What I really admire about this drama is the costumes! They are stunning, and very accurate for the time (unlike ITV's awful 'Henry VIII'). Simply lovely to look at.
I am very impressed with Channel 4's researchers on this series - they were obviously knowledgeable and any errors made were not too terrible, and simply for dramatic effect.
I thought that all the good costume dramas came from the BBC, but they better watch out, C4 is hard upon their heels... ;)
Helen Mirren is awesome as Elizabeth I ; furthermore , Jeremy Irons is notable as Earl of Leicester and Hugh Dancy is equally outstanding as arrogant and ambitious count of Essex . Special mention for actors form the reign council members , as Patrick Malahide , Toby Jones and Ian McDiarmid . Wonderful colorful cinematography adds to the atmosphere but it does help to know some history in order to keep the interesting plot . Director Tom Hooper (John Adams) takes a brilliant look at the turbulent life of famous Queen of England from her troublesome days and machinations surrounding her reign .
Other renditions about this known Queen are the followings : ¨Elizabeth¨ (1998) with Cate Blanchet , Joseph Fiennes , directed by Shekar Kapur ; ¨Elizabeth R¨ directed by Herbert Wise (72 ,TV) with Bette Davis; ¨Elizabeth the Queen¨ (68,TV) with Judith Anderson and Charlton Heston ; and classic version, ¨The Queen Virgin¨ by George Sidney with Jean Simmons and Stewart Granger and ¨The private lives of Elizabeth and Essex¨ by Michael Curtiz with Bette Davis and Errol Flynn , among others.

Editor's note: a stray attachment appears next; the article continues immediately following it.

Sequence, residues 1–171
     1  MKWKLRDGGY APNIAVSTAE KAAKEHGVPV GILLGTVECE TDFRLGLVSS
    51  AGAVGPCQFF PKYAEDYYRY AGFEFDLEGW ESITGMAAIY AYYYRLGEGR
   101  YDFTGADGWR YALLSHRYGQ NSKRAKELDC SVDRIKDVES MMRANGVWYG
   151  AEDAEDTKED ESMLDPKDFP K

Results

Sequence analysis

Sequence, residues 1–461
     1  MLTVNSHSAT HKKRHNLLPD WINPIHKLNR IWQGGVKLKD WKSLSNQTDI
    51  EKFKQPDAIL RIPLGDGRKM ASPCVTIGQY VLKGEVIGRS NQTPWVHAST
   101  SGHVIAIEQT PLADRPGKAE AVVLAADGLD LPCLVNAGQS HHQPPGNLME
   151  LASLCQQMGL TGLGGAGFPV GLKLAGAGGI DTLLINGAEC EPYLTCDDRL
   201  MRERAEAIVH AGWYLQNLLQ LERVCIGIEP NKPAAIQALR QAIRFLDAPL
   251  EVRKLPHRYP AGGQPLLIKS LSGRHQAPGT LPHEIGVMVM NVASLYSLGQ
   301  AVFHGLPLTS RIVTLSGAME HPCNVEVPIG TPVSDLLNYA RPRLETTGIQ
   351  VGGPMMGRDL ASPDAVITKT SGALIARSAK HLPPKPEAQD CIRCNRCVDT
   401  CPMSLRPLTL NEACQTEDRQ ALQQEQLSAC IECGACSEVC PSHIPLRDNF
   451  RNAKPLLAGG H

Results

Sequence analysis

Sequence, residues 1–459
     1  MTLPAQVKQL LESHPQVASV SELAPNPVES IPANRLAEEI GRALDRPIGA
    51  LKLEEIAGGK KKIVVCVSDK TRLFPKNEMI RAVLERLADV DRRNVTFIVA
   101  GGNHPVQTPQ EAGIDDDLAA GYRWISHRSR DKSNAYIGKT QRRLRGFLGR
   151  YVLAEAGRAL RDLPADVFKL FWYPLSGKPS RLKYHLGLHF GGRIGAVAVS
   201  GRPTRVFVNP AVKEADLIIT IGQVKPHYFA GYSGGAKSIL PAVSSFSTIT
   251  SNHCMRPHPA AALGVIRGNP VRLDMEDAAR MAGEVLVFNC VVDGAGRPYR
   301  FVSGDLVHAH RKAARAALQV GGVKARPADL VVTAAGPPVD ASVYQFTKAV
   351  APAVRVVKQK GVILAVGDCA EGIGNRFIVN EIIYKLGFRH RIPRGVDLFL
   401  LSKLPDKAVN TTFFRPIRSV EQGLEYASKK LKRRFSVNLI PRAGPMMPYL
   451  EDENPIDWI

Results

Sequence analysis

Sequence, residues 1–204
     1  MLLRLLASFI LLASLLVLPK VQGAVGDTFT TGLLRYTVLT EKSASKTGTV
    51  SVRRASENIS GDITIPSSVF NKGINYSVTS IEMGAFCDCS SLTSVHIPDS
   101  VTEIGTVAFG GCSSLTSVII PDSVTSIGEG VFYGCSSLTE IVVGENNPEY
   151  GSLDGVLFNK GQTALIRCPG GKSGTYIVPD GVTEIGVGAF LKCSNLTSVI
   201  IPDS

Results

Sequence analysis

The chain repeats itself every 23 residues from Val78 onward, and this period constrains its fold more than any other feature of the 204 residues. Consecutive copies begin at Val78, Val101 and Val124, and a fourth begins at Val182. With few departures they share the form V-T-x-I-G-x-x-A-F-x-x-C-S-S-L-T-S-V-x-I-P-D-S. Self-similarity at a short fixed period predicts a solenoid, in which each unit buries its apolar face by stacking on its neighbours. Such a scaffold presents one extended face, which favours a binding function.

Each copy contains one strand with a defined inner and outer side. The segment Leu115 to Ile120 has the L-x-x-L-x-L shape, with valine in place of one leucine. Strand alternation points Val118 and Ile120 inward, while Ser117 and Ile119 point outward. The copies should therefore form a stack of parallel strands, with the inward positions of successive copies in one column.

But here's the problem. Whoever wrote this didn't do more than cursory historical research. To whit: According to everything I've ever read, and everything my fellow 16th century history buffs have read, Elizabeth NEVER met with either Mary of Scotland OR James Stuart. Sorry to bring this up. Of course there is a neat escape clause in the script "No one must ever hear of this." OK, fine, whatever. I guess if you use those words you could claim almost anything could happen clandestinely, but I digress. The costumes are, for the most part, some designer's idea of what Elizabethan costume SHOULD be, rather than what it really was. Couldn't they spring for a copy of Patterns of Fashion or Queen Elizabeth's Wardrobe Unlock'd? Barring that, would it have been too much trouble to look up some portraits on the internet? I have seen much more accurate representations of Elizabeth's clothing at my local Renaissance Faire! Add to this, Elizabeth is never seen to age, she goes into and out of the gaudy white makeup on a whim, and the fashions never change over the course of the whole film. I find that bothersome. Along with the excessive gore of the execution scenes (where you see a Mary Stuart's beheading and the ax stops halfway in her neck, and they start again! Yes her execution was botched. OK, they got that right.) The deaths of the conspirators who wanted to assassinate Elizabeth was also pretty accurate, but I thought the sight of guts being slowly reeled out of a victim was in very poor taste. It would appear that the writers were more interested in sensationalism than telling a good story.